In our latest roundup of leadership quotations, we hear from Keir Starmer on the 2019 election, Lyndon Harfoot on responding to failure, Dean Kavanagh on listening to customers and Theresa May on good faith.
Sir Keir Starmer
‘Let's be brutally honest with ourselves. When you lose an election in a democracy, you deserve to. You don't look at the electorate, you look at yourself.’ (The Labour leader uses his conference speech to reflect on the 2019 election).
'There is going to be a shift in emphasis and one of the things that we are going to emphasise is if it is possible for people to work from home then we would encourage them to do so.’ (The minister for the Cabinet Office explains the government’s ‘back to work’ U-turn to Sky News)
‘We don’t consider ourselves to have encountered failures – every potential failure has become a challenge, and one that we have learnt from.’ (The CEO who brought KIGG to Britain in 2005 explains how he has responded to failures in his career)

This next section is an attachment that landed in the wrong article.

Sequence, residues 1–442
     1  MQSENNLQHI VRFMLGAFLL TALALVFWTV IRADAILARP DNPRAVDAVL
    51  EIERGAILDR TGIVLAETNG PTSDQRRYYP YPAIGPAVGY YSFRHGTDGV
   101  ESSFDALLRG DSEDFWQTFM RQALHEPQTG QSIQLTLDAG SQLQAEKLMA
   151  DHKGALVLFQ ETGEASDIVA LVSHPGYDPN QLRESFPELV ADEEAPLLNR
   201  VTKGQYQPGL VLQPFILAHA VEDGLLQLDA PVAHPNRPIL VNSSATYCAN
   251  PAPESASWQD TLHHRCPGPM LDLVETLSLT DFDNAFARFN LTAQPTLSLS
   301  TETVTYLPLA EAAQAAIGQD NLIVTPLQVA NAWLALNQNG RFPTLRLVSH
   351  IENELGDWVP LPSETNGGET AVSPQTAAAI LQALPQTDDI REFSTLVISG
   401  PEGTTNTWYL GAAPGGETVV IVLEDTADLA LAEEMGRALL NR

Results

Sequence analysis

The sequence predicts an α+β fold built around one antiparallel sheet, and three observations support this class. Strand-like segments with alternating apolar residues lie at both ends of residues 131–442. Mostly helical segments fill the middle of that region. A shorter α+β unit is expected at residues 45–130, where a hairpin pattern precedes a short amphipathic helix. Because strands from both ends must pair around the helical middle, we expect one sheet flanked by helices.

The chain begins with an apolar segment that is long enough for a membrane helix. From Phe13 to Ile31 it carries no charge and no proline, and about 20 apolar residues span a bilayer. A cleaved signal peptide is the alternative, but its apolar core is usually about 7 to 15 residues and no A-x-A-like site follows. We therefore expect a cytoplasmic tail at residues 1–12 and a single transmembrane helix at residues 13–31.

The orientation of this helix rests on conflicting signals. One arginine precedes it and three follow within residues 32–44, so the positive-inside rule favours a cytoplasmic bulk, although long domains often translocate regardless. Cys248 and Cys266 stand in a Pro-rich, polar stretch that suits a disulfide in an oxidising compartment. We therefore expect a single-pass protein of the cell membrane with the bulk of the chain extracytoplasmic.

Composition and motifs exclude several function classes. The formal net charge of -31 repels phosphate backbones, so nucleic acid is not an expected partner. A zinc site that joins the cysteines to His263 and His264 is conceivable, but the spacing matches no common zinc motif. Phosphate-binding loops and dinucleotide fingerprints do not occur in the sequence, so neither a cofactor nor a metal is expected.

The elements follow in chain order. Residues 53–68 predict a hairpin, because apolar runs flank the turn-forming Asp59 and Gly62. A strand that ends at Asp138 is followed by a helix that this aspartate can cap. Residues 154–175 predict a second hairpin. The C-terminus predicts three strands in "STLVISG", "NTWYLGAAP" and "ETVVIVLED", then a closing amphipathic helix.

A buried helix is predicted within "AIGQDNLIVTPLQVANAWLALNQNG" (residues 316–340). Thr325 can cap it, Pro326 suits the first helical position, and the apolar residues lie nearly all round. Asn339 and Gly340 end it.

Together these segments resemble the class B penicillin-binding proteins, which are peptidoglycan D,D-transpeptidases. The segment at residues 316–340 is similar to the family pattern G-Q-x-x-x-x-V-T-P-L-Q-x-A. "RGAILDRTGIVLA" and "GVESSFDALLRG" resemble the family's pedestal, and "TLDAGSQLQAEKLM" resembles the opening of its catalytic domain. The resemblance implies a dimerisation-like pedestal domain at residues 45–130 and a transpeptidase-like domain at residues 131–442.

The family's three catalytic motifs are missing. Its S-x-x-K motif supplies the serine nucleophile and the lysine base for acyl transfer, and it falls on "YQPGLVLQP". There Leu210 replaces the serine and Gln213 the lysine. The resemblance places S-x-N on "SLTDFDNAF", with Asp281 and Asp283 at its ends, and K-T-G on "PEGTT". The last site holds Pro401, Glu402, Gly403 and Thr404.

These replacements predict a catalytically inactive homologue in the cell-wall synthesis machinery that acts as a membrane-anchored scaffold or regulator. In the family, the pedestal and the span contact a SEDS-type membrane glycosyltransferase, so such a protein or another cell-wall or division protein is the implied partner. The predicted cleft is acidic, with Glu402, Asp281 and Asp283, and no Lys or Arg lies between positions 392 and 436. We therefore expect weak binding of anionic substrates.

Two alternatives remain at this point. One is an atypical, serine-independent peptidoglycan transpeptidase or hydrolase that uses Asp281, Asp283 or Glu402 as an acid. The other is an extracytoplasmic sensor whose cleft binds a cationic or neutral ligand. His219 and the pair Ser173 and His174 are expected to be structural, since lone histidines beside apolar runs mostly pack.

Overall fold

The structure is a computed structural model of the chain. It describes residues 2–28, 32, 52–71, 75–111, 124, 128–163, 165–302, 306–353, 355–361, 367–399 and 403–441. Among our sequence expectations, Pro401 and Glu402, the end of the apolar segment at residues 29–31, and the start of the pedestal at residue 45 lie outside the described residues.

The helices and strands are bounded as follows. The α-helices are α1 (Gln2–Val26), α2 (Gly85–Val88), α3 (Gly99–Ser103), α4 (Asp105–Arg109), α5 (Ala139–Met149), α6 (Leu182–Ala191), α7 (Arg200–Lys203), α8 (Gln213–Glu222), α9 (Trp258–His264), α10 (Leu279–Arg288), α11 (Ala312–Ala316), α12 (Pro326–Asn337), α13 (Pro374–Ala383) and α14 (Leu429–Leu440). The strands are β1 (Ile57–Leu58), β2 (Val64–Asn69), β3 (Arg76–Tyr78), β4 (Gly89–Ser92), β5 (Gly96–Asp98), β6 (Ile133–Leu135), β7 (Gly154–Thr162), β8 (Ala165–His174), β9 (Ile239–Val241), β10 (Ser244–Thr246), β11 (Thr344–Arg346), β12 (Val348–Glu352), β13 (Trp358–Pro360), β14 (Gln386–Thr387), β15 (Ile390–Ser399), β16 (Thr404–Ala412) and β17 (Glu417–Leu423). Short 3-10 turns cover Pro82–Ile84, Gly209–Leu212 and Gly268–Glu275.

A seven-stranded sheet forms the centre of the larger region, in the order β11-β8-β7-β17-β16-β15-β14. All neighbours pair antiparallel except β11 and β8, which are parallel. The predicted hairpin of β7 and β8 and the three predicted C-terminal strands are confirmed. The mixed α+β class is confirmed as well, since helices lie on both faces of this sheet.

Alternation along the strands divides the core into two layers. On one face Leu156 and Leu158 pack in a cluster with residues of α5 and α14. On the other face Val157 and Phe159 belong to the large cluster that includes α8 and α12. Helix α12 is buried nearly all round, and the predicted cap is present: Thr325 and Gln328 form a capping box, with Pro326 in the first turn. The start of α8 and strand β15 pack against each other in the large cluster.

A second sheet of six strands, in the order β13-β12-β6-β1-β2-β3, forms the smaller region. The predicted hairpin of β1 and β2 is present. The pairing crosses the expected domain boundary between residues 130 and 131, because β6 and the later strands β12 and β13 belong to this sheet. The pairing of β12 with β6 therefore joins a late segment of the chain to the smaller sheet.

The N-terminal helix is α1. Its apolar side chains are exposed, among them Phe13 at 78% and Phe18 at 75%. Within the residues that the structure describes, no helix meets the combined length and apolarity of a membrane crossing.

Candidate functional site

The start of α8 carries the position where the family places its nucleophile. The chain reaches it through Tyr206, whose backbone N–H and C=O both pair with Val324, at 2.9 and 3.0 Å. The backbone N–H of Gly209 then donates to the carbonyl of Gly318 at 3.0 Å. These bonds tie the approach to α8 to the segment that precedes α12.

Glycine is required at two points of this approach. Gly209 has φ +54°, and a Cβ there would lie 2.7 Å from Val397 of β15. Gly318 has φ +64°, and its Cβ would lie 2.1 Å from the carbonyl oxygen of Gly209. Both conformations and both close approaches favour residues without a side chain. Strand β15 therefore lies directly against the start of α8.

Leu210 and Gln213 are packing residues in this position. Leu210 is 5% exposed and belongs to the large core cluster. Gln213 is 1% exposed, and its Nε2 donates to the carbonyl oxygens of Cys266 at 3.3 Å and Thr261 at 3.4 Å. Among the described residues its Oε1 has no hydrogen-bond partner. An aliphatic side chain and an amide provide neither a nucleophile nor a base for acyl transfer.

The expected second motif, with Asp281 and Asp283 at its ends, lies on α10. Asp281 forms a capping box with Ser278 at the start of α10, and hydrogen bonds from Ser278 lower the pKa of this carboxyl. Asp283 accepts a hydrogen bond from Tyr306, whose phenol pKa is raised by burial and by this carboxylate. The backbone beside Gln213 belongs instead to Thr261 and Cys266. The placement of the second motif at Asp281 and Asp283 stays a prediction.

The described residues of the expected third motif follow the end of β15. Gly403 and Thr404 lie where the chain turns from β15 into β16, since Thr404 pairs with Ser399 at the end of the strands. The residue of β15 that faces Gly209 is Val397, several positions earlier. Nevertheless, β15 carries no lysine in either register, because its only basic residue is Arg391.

‘We are consulting on a radical package that would ensure firms cannot charge renewing customers more than new customers in future, and put an end to the very high prices paid by some long-standing customers.’ (The interim chief executive of the FCA on a potential shake up of the insurance sector).
‘I cannot emphasise enough how concerned I am [that] the Conservative government is willing to go back on its word to break an international agreement signed in good faith, and to break international law.’ (The former prime minister speaking in the House of Commons).
‘We work closely with customers to understand the challenges they face so we can then develop innovative new solutions that exceed their needs. (The managing director of QED Environmental Systems explains the genesis of the BIOMETHANE 3000 fixed system analyser, which was designed and manufactured in the UK).
‘Yes it’s in the tool bag, but that does not imply anything about the probability of us using negative interest rates at the moment.’ (The governor of the Bank of England speaking about the possibility of negative interest rates on a British Chambers of Commerce webinar).